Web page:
Unless you are a fan of Rex Ryan and the Buffalo Bills, you likely enjoyed Twitter’s first live-streaming of an NFL game.
Last April the social media company beat out other tech rivals for the rights to live-stream NFL games on Thursday nights —and Thursday night's user experience gives Twitter a solid foundation to build on. (They were also aided by a competitive and entertaining game—a 37–31 Jets win.)
Anecdotally via Twitter users, and based on my own user experience, the picture quality of the game stream was excellent. I watched the game on my Mac laptop and iPhone and it was similar to HD television—very sharp, great audio. (IPad users really seemed to have a great experience.) I did have some buffering issues at times but it’s always tough to know whether that’s on your end or an issue with Twitter. The Twitter broadcast was about a play or two (maybe 40-45 seconds for me) behind the television coverage (the game aired on CBS and was simulcast on the NFL Network.)
The biggest issue—and this was shared by many on Twitter—was that users could not opt out of Twitter’s curated tweet stream. If you wanted to see your feed during the game, you had to open a new window or click away from the game. The customized tweets Twitter provided were a jumbled, never-ending mess. Users need to have an option to customize what tweets they want to see. That should be an ASAP fix for Twitter’s engineers.
The cost for Twitter to stream the games was a pittance compared to what the broadcast and cable networks pay for the product. Twitter paid around $10 million to stream 10 Thursday Night Football games while CBS and NBC each paid about $45 million for each TNF game. The Wall Street Journal reported Twitter was selling ad packages for all 10 games (and outside the games) ranging from $1 million to $8 million.
From the NFL perspective, it’s easy to see why they partnered with Twitter. The league has an existing business relationship with the company and knows that it often owns real-time conversation on sports events. Twitter also offers a global audience to expand the NFL brand (the live-steam was not available in NFL-popular Canada, though, as TNF holder Rogers blocked the game.) There’s really no downside for the league. The NFL has already sold the rights to Thursday Night Football to broadcast (NBC/CBS), cable (NFL Network), and audio outlets.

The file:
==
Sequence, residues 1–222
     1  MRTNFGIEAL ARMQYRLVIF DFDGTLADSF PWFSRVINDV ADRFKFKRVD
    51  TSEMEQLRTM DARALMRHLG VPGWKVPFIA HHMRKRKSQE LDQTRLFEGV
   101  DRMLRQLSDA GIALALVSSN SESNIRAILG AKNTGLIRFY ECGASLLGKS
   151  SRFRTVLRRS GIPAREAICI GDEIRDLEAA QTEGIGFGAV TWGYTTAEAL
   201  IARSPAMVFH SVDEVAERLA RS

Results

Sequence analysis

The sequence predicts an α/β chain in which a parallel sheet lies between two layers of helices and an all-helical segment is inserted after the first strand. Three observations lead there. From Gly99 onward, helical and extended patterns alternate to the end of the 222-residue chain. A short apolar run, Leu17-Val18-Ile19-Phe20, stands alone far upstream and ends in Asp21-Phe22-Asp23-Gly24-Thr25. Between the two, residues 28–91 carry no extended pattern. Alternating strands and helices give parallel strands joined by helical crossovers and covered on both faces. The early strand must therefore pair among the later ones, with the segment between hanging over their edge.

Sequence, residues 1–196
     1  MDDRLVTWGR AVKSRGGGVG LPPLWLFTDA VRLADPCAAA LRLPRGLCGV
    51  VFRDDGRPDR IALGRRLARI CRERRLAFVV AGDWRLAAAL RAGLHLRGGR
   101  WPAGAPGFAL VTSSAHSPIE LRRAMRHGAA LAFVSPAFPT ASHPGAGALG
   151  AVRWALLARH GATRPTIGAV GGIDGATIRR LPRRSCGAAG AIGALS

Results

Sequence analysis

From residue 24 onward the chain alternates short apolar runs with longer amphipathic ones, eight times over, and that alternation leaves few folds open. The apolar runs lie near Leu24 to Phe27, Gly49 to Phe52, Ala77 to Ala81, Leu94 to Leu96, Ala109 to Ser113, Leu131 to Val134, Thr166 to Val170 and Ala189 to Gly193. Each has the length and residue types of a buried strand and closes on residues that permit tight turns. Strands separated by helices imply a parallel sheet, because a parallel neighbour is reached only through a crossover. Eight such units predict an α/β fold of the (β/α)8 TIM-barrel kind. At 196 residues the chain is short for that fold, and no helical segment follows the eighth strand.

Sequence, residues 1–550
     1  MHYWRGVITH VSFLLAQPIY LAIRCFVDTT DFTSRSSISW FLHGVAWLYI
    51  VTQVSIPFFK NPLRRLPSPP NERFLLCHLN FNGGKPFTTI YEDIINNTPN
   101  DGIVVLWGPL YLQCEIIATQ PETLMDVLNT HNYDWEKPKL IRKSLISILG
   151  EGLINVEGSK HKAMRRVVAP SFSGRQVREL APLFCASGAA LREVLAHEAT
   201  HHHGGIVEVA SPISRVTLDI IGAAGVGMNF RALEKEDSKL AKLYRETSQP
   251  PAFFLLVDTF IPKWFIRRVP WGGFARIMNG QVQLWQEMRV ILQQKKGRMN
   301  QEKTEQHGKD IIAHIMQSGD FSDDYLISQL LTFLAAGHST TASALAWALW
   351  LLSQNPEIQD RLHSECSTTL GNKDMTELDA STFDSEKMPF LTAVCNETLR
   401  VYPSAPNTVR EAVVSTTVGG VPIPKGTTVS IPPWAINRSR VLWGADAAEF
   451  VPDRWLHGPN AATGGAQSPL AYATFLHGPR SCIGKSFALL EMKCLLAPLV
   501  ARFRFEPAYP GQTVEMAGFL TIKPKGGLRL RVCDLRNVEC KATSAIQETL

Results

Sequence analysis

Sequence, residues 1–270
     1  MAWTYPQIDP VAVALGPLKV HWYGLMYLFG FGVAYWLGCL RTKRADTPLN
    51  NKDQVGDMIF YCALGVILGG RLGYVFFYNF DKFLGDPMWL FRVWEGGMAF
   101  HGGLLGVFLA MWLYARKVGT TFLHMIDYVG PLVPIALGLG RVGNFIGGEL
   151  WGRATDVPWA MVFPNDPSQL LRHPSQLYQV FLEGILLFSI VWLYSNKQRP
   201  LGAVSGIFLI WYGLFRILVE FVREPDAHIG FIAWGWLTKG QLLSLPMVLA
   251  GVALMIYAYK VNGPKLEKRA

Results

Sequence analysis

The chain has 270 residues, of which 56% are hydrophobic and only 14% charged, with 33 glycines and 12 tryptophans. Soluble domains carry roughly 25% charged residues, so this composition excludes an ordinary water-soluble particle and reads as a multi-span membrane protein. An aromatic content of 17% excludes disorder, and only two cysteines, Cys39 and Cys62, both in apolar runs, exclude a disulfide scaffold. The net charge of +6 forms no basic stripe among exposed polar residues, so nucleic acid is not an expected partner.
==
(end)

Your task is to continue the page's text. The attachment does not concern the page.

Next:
For Twitter, it’s an opportunity to recalibrate as a mainstream Internet destination with user growth stagnant and the stock price tumbling. The game was available on Twitter.com, Twitter's mobile app, as well as set-top box apps for Apple TV, Amazon Fire TV and Xbox One. You did not need a Twitter account to watch.
As we saw with last year’s Yahoo live-streaming game of the Bills and Jaguars, the NFL is destined to offer an online-only package to complement its current broadcast and cable TV deals. Last night was another step in that direction.
(Editor's Note: Time Inc. sites SI.com and TIME.com partnered with Twitter to simulcast its live streaming of NFL Thursday Night Football for 10 games this season on their respective digital platforms.)